My first stop on the drive to Maligne Lake was Maligne Canyon, one of the most famous canyons in the Canadian Rockies. If you have time, there are several hikes you can do from Maligne Canyon, however the main hike here follows the canyon downstream where you will cross six bridges.
This hike will take you between 1-2 hours, and is very easy. You can also spot marine fossils in the limestone between the first and second bridge.
Due to the churning sensation of the water, the canyon is 50 metres deep and 2 metres wide, and it is continuing to deepen today. During winter the water is completely frozen, so no matter the season you visit Jasper, you are in for a visual treat.
How to get there: From Jasper, head north on Connaught Drive and exit the town. Turn left onto the Yellowhead Highway, and then turn right onto Maligne Lake Road. The drive should take around 15 minutes from Jasper, and there are signs indicating the turn to Maligne Canyon.
Getting lost in nature is medicine for my soul
5. Medicine Lake
After leaving Maligne Canyon, my next stop was Medicine Lake. As I rounded the corner, I was stunned to see the majority of the lake was covered in snow. Snakelike patterns carved through the middle showing that it was indeed a body of water; weightless clouds grazed atop the lake imitating steam.
This has got to be one of the most stunning lakes I have seen in Canada.
How to get there: From Maligne Canyon, continue on Maligne Lake Road. If you drive for another 15 minutes, you will see Medicine Lake on your right.
6. Maligne Lake
Looking across Maligne Lake towards the Maligne mountain range
Maligne lake is known for its picturesque turquoise blue waters. I saw a different picture, however. Jasper had a huge dumping of snow the week before and was still under a snowfall warning when I visited. The sky was grey, with the sun glimpsing through occasionally. The result was spectacular! Even in the shoulder season, Jasper is one of the most beautiful places in the world.
How to get there: Continue on Maligne Lake Road from Medicine Lake for another 30 minutes to reach Maligne Lake.
7. Wilderness Hostels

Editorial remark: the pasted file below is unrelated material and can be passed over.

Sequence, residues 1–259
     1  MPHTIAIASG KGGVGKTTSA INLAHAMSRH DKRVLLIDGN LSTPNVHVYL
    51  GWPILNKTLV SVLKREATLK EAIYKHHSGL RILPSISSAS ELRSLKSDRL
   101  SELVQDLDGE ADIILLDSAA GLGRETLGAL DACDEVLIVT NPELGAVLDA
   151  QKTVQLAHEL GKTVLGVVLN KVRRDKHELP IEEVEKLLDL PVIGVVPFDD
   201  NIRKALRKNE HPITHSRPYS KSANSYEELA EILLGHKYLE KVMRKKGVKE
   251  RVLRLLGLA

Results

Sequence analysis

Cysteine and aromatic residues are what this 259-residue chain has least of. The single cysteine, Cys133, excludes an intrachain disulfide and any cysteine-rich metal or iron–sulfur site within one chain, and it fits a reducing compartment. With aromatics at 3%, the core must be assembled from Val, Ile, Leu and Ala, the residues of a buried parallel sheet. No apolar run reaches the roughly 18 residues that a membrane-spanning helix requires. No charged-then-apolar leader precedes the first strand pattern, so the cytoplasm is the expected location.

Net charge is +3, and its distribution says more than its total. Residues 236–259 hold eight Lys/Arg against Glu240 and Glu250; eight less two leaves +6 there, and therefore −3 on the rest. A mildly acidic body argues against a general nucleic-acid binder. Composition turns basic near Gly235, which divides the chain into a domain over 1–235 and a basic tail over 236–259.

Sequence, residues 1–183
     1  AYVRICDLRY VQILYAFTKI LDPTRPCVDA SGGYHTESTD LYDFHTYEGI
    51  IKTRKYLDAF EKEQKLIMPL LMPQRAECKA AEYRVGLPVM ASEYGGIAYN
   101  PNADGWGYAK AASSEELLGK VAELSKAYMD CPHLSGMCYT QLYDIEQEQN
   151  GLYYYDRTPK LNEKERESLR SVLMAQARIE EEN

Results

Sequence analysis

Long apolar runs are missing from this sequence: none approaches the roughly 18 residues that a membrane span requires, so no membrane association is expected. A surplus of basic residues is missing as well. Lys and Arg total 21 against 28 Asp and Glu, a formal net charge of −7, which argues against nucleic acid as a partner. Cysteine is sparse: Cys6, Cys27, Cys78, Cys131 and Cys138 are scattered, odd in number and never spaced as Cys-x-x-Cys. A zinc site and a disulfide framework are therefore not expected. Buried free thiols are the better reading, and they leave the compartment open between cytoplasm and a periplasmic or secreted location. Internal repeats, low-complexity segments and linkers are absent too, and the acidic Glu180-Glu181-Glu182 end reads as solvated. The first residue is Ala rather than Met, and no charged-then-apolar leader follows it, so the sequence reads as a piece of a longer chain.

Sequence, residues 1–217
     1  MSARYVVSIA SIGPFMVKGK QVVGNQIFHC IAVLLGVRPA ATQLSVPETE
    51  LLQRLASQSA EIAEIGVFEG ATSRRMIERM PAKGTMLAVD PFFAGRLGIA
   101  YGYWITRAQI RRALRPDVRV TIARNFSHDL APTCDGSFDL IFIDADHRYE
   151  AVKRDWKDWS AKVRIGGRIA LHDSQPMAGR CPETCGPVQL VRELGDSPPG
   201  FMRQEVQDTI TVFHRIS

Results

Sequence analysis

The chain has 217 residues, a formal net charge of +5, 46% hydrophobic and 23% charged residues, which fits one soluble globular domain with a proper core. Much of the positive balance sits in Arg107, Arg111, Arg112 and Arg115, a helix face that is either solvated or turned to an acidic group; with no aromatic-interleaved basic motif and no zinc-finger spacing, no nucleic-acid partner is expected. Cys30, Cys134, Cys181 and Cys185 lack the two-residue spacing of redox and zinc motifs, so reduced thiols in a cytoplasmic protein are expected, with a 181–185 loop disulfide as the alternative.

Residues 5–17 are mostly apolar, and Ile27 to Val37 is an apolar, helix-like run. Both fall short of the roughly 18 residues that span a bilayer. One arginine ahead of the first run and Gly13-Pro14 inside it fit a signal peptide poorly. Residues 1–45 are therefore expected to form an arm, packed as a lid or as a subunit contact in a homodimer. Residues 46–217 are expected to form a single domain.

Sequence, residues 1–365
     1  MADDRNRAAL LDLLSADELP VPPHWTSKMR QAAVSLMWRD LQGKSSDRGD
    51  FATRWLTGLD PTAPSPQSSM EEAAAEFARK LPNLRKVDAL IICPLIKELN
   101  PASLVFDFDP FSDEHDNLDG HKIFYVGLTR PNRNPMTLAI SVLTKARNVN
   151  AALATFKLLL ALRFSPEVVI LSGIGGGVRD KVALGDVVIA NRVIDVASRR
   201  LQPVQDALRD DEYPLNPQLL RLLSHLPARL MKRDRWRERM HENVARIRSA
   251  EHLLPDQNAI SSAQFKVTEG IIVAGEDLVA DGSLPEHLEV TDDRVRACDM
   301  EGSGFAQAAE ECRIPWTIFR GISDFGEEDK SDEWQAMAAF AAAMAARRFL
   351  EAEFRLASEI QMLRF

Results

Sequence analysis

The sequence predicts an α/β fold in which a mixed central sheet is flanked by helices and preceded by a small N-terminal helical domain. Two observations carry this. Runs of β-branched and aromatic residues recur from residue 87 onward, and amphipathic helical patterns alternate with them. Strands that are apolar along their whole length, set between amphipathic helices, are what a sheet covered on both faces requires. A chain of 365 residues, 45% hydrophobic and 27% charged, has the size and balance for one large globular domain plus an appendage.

To break up the drive from Banff to Jasper, I spent the night in a Wilderness hostel. Hostelling International has several wilderness hostels between Banff and Jasper, with three differing degrees of ‘wilderness’: lite, classic and wildest.
The lite hostels are like a traditional hostel, but are situated in the middle of the Canadian Rockies and surrounding area. They have electricity, indoor toilets and hot showers, but do not have WiFi.
The classic option is a bit more rugged and you won’t find electricity or running water here, but there are kitchen appliances powered by propane.
The wildest hostels require back country experience and you may need to cross-country ski or snowshoe to reach them in the colder months. They aren’t staffed during the winter and are accessible by key-code.
I opted to stay at HI Castle Mountain which is a lite option. This hostel is one of the best I have stayed in; the lounge area was large, comfortable and accommodating; the kitchen had everything you need and despire sharing a room with 13 others, the room was warm and comfortable. Tony was a fantastic host- he is very knowledgeable about the area. Unfortunately this hostel is closing on January 1, 2018, so I was grateful I was able to spend a night here. It was great to disconnect for the evening and talk with other travellers in the hostel, curl up in the lounge with a green tea and a book before having a hot shower and an early night.
The other wilderness hostels located between Banff and Jasper are: HI Athabasca Falls, HI Maligne Lake, HI Rampart Creek, HI Mosquito Creek, HI Hilda Creek, HI Beauty Creek, and HI Mount Edith Cavell.
For more information on these hostels visit hihostels.ca
I hope you enjoyed my article about what to do in Jasper in winter! Have you been to Jasper? What are you some of your favourite places to visit for a wellness weekend?